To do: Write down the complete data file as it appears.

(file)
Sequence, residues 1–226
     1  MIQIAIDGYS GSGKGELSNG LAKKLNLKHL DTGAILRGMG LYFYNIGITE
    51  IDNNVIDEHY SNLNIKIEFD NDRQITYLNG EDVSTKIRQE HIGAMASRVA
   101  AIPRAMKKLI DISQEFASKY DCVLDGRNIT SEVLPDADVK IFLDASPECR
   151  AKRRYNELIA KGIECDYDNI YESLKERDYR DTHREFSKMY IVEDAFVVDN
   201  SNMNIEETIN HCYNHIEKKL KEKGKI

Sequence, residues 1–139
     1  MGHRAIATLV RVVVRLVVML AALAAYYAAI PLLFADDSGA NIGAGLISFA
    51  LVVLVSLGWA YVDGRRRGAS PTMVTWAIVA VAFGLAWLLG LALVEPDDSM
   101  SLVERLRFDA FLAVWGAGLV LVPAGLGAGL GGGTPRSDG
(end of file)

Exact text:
Sequence, residues 1–226
     1  MIQIAIDGYS GSGKGELSNG LAKKLNLKHL DTGAILRGMG LYFYNIGITE
    51  IDNNVIDEHY SNLNIKIEFD NDRQITYLNG EDVSTKIRQE HIGAMASRVA
   101  AIPRAMKKLI DISQEFASKY DCVLDGRNIT SEVLPDADVK IFLDASPECR
   151  AKRRYNELIA KGIECDYDNI YESLKERDYR DTHREFSKMY IVEDAFVVDN
   201  SNMNIEETIN HCYNHIEKKL KEKGKI

Sequence, residues 1–139
     1  MGHRAIATLV RVVVRLVVML AALAAYYAAI PLLFADDSGA NIGAGLISFA
    51  LVVLVSLGWA YVDGRRRGAS PTMVTWAIVA VAFGLAWLLG LALVEPDDSM
   101  SLVERLRFDA FLAVWGAGLV LVPAGLGAGL GGGTPRSDG